I'm a big fan of the Leica GMP101. Small, light, accurate and I routinely get over 1,000' robotically. On the one I use the most I cut off the portion of the target that sticks out beyond the frame in order to allow me to get the prism closer to building corners and the like.
I like to have the full size for running control, for distance, but mainly poor conditions, fog, dust etc.
Sure do hate being able to see the glass but not shoot until the fog burns off.
Check a little closer, the housing is offset to accommodate the plate, removing it will not change the offset.
I stand corrected. I certainly removed the plate to saw it off, and I find it hard to believe that I was so inobservant as not to see the step in the housing, but the only thing I can figure now (about 9 years after the fact) is that I wanted the bottom part of the plate in place to make adjusting the prism angle with my thumb easier.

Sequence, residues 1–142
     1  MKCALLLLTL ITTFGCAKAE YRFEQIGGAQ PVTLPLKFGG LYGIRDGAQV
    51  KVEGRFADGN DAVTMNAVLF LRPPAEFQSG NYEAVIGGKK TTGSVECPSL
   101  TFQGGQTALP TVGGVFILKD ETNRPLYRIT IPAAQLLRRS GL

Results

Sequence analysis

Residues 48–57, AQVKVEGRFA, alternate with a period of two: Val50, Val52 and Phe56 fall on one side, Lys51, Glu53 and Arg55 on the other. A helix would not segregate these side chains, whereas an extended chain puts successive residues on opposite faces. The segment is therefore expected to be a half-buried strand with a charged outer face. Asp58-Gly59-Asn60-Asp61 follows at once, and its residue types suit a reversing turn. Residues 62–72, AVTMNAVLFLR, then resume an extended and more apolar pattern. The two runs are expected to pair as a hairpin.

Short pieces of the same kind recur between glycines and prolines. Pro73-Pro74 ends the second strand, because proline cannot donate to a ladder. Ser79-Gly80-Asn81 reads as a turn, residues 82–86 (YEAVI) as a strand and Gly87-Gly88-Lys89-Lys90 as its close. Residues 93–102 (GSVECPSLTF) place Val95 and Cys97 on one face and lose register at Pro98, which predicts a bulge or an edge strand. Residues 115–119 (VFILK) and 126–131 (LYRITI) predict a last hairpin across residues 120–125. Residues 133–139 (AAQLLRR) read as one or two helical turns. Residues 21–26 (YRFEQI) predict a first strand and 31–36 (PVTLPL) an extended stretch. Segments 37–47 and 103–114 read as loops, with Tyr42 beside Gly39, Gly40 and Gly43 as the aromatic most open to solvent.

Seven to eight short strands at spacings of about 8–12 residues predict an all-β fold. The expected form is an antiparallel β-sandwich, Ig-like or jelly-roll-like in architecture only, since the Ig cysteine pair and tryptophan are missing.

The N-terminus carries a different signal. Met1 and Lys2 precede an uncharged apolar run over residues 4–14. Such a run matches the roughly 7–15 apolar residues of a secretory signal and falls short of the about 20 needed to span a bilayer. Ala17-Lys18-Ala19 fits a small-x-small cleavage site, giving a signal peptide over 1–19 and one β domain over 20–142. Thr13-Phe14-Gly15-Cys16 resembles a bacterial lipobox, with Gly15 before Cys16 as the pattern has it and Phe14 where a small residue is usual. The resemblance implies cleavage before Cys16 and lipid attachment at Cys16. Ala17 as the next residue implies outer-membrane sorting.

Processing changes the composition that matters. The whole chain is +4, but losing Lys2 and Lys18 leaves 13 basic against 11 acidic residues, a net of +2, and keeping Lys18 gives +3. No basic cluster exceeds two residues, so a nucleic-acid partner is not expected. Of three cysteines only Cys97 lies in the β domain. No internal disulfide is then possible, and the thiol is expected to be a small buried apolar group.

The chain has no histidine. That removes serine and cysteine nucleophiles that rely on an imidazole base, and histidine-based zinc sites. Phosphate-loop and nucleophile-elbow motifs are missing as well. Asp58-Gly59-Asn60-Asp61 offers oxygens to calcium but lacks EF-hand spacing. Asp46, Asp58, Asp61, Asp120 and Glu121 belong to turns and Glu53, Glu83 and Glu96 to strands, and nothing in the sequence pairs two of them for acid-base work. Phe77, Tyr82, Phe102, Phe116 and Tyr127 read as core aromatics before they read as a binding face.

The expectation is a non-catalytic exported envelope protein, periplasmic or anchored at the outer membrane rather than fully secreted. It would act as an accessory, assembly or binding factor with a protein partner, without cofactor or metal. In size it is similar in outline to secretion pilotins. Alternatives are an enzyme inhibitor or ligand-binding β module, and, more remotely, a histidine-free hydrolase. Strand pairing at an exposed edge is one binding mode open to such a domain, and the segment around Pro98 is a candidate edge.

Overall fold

but the only thing I can figure now (about 9 years after the fact) is that I wanted the bottom part of the plate in place to make adjusting the prism angle with my thumb easier.
I'll buy that
Soooo...... Following up.
I took delivery of a Trimble S5 last week and bought a pair of Leica GMP101 mini-prisms, from Allen Precision, to use with it. They arrived last week and are extremely nice. I also bought 5/8" thread to bayonet mount adaptors. Slick. We used them for the first time on a site survey yesterday and something new, to me, came up.
The prisms are clearly marked as having a +17.5mm offset. Turns out that is valid only if using them with a Leica instrument (or, presumably, any of the several Leica derivatives). With any other brand you must subtract 34.4mm from whatever Leica has written. So this +17.5mm is actually a -16.9mm offset when used with my Trimble, or with my old Topcon.
Conversely, when using non Leica branded prisms with a Leica instrument you must add 34.4mm to the rated offset.